Henry Kloss, who marketed the first acoustic-suspension speaker and first large-screen projection television, died Jan. 31 of natural causes.
Kloss, 72, is credited with creating the consumer projection-TV business. He was also the founder of Advent and co-founder of Acoustic Research, KLH, Kloss Video and Cambridge SoundWorks. The brands of all the companies, except for Kloss Video, are still in use today.
In the early 1950s, he co-founded Acoustic Research, where he marketed the first acoustic suspension speaker, the AR-1. It was the first speaker small enough to sit on a bookshelf yet capable of reproducing deep bass. He also marketed what longtime business partner Tom DeVesto called the first affordable belt-drive turntable.
Kloss was the “K” of KLH Research and Development, a speaker company he co-founded in 1957. There, he designed one of the first FM radios, the Model 8, DeVesto said. The compact mono FM table radio was critically acclaimed for its high fidelity and selectivity. It would serve as the basis for a pair of table radios that Kloss designed for Tivoli Audio, a partnership formed between Kloss and DeVesto in 2000.
While at KLH, Kloss also marketed the first Dolby B noise-reduction add-on for consumer reel-to-reel tape recorders and sold the first reel-to-reel recorder with built-in Dolby B noise reduction, said DeVesto.
A decade later in 1967, Kloss founded Advent, which in the early 1970s manufactured one of the most popular speakers in the United States. In 1973, Advent became the first manufacturer of consumer projection television systems. While at Advent, Kloss began selling the first or second consumer cassette deck with Dolby B, either launching simultaneously with, or soon after, a model marketed by Sidney Harman, DeVesto said. Kloss, however, marketed the first Dolby B cassette deck with biasing for chromium dioxide tape, DeVesto said.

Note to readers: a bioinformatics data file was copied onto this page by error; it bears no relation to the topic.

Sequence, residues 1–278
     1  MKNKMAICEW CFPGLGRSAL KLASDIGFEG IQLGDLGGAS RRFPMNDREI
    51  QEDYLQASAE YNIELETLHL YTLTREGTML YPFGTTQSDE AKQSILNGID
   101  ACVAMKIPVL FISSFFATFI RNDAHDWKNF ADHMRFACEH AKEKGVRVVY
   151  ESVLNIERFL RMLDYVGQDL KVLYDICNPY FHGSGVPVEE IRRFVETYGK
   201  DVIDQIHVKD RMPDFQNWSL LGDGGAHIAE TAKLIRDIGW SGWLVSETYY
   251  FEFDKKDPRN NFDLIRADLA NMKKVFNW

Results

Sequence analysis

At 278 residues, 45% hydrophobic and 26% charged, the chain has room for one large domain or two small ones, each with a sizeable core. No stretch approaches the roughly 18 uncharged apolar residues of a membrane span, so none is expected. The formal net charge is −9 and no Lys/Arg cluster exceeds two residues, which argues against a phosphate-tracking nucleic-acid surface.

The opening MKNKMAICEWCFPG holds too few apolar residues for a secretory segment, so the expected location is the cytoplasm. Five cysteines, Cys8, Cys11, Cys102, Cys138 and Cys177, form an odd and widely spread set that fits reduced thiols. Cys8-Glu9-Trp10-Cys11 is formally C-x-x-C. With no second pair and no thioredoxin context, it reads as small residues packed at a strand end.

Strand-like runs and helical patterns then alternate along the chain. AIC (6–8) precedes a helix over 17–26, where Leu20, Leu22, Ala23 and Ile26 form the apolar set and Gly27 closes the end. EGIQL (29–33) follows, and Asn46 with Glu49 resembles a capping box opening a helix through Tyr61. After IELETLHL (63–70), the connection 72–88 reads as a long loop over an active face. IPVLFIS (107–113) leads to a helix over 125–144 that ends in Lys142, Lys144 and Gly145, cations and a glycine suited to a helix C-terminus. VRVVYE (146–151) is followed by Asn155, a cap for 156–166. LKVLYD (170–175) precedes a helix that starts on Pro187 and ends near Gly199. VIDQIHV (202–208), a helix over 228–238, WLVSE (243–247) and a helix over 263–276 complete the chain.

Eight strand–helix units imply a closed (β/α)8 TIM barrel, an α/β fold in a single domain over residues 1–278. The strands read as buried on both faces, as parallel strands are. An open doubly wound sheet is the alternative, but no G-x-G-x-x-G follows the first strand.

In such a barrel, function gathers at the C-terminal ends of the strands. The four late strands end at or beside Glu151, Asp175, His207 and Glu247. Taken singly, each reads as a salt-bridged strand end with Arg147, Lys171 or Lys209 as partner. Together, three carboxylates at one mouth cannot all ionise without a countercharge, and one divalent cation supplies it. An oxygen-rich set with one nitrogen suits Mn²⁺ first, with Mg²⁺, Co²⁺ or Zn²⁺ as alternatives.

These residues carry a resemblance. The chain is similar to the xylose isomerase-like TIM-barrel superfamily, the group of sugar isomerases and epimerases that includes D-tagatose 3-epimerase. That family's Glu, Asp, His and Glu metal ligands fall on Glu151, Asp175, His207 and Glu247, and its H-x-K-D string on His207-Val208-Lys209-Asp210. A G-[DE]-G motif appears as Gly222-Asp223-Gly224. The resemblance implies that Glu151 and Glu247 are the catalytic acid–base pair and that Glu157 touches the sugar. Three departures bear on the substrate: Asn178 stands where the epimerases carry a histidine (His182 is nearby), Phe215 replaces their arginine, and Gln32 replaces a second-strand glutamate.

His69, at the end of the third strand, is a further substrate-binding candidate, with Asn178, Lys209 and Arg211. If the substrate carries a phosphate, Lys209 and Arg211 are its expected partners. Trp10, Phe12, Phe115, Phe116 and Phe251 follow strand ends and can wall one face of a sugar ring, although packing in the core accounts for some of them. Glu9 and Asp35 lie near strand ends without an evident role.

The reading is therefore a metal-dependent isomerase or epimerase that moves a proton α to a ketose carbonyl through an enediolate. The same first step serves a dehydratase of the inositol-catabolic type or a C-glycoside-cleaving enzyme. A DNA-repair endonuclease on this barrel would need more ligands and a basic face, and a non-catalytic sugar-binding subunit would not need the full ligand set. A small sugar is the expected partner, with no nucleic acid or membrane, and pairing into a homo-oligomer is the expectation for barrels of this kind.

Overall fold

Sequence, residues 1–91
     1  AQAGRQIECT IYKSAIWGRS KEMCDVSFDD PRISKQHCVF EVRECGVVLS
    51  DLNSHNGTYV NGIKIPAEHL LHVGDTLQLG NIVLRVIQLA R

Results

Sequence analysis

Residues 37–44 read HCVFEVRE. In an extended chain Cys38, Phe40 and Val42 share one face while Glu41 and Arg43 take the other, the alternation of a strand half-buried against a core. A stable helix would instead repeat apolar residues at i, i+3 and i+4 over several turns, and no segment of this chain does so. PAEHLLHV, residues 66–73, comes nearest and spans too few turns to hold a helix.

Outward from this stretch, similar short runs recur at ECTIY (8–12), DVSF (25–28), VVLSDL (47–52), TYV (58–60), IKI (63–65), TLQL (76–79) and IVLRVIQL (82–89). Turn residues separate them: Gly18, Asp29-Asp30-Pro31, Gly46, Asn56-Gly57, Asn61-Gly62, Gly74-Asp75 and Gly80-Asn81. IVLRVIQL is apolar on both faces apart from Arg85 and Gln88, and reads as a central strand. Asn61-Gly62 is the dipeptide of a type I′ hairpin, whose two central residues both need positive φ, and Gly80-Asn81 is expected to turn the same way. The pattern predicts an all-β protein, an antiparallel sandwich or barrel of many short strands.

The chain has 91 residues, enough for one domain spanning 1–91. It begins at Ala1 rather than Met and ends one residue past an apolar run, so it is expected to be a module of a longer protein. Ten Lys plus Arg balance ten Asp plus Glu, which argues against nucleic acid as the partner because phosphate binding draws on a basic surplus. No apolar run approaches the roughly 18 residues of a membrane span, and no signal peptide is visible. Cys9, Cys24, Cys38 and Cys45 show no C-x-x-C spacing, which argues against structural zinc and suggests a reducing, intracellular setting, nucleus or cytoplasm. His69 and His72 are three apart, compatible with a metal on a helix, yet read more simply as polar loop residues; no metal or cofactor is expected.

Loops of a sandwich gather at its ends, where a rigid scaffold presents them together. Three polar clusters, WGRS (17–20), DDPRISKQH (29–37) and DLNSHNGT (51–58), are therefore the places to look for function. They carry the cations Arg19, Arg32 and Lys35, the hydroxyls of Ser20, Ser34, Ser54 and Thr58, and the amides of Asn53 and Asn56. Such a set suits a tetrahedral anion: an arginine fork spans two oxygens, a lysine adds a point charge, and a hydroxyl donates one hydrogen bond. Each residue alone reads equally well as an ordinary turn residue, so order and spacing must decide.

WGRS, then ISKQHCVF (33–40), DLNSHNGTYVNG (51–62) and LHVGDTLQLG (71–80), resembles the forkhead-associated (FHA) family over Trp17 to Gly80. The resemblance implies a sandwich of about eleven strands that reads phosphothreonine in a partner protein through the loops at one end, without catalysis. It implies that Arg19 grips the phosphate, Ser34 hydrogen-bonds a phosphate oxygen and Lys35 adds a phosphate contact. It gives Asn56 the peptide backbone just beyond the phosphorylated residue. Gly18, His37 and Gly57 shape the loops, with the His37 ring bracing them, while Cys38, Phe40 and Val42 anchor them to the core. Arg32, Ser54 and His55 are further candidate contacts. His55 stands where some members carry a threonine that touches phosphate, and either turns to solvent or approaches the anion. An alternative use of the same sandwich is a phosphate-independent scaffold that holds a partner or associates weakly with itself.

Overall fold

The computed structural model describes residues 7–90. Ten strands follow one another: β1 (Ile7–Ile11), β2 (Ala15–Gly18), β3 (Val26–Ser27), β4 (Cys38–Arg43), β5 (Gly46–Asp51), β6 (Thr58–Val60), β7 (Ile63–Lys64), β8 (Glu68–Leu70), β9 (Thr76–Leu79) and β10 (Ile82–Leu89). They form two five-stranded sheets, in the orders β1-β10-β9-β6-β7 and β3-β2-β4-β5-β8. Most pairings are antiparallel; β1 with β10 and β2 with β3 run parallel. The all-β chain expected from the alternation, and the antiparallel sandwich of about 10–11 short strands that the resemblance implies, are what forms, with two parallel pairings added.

In 1977, Kloss co-founded Kloss Video Corp., where he invented the Novatron projection tube, which used mirror optics to improve the efficiency and performance of projection televisions.
Kloss launched his fourth venture, Cambridge Sound Works, in 1988 with DeVesto. The company, now a subsidiary of Creative Technology, manufactures more than 40 different models of home stereo, home theater and computer speakers.
In 2000, Kloss emerged from retirement to develop table radios for Tivoli Audio. Three more radios developed by Kloss will be introduced in the spring, DeVesto said. Also in 2000, Kloss was one of the first 50 people inducted into the Consumer Electronics Hall of Fame for his contributions to the industry.
In 1997, Kloss received an Emmy Award for “Outstanding Achievement in Technological Advancement — Pioneering Development of 3-CRT Video Projectors.” The award acknowledged his role in developing big-screen television.